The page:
There’s another piece that comes to mind. As I said, my husband was very generous to me and would often take me to Fred Leighton for special occasions. This one year we were in Fred Leighton and we were looking at different things. I knew how lucky I was, but I didn’t really know what I would want to have. And this particular time, Mr. Leighton brought out what is still one of my most beautiful and cherished pieces of jewelry: a diamond pendant with a ruby in the center, from the 1930s and from Paris. And the marquise diamonds are en tremblant so they have movement. It’s delicate, and it’s on a very delicate chain that also has little diamonds interspersed. It’s very beautiful, and that whole memory is very special to me.

What pieces do you wear every day?

I wear a Cartier Tank Française and a beautiful rose gold link bracelet from the Tiffany HardWear collection. It was a Valentine’s Day gift I received two years ago, again from my husband. I’ve purchased things for myself over the years, but nothing means more to me than the jewels my husband gave me.

What jewelry designers do you collect and covet?

I’ve learned over the course of time that the pieces that hold the most value are the pieces that are signed. I happen to love Van Cleef—who wouldn’t?—and Cartier.

Has your jewelry style evolved over the years?

Oh, for sure. And certainly this was the case with Erica Kane. I mean, in the 1980s I could not get enough jewelry on me or enough stuff, bells and whistles of all kinds. I don’t know how they got it all in one frame. The earrings could not be big enough or long enough. I remember the 1970s being very “back to the earth”—suede cords and beads—and then the 1980s, it was so just so big. I did a cover of TV Guide and those earrings are so big and so long that you hardly see the person! The 1990s got very, very delicate, and I think that was the road back to refinement. But there was also an absence of jewelry, and I remember thinking, “Oh, women are going to get really fed up with this pretty quickly. You’re going to want to wear your jewelry!”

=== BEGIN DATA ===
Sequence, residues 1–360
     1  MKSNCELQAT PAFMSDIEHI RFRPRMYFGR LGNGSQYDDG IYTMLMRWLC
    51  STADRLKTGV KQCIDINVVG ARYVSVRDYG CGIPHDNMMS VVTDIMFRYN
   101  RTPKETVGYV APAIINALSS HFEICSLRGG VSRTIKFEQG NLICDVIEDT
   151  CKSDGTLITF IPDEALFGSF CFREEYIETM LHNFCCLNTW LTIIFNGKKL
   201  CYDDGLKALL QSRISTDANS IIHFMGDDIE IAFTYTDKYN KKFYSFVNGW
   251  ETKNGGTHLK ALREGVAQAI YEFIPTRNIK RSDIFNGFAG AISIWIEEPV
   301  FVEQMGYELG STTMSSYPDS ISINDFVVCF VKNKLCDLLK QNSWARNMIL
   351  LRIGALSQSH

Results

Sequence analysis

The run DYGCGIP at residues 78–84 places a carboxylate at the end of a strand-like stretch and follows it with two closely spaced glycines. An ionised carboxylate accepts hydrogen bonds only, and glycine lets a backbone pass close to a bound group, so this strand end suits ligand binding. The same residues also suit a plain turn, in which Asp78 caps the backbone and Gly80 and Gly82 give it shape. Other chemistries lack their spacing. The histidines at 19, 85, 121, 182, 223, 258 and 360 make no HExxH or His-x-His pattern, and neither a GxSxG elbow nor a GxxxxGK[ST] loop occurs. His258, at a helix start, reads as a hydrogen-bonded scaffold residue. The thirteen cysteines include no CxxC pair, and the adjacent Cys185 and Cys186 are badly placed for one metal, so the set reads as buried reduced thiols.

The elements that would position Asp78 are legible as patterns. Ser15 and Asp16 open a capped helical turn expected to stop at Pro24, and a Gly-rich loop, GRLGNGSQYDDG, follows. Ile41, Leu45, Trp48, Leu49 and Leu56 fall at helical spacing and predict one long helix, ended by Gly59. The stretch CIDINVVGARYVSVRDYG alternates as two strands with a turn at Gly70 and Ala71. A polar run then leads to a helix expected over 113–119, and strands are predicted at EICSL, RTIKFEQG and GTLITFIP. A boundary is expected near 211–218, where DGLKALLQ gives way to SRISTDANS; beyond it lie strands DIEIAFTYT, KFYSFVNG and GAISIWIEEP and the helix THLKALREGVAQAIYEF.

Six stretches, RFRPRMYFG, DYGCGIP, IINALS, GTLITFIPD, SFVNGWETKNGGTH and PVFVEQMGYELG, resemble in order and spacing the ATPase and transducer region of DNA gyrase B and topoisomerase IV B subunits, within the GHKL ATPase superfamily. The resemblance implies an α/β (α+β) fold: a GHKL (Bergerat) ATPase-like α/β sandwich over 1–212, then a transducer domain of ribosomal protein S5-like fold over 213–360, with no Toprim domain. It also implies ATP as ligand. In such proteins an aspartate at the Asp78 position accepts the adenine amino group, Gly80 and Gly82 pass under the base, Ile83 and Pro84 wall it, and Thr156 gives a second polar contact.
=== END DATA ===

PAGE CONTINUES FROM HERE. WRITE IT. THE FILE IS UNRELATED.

Is there a big Erica Kane jewelry moment that you can still recall from your many years of playing her?

No, I don’t remember anything like that. But what I will tell you is that I started playing Erica as a 15-year-old high school girl [in 1970], when Erica was going to New York and wanting to be a model and all of that. And of course her character is very willful and self-involved, so I understand why the costume designer wanted to put all this jewelry on her. But I remember saying, “Please don’t make her all about jewelry. This is a character who is really self-indulgent, but she’s not a poodle. She’s really spunky and capable, and let’s focus on those aspects of her rather than the jewelry.” And jewelry is fabulous. But it is meant to make you feel good and maybe make you feel more beautiful. But when it was excessive, it just looked silly to me. And I didn’t want that for my character.

All of my friends and family are going to be so jealous that I just spent my morning talking to you about jewelry.

Thank you. Say hi to them for me, will you?

Top: Susan Lucci during her appearance on Good Day New York earlier this month as part of a publicity campaign to help raise awareness for Women’s Heart Health Month. In addition to the Tiary pendant she co-designed with the brand, she wears the Cartier Tank Française watch and Tiffany & Co. bracelet that are mentioned in the interview. (Photo: Michael Simon)


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Amy Elliott

By: Amy Elliott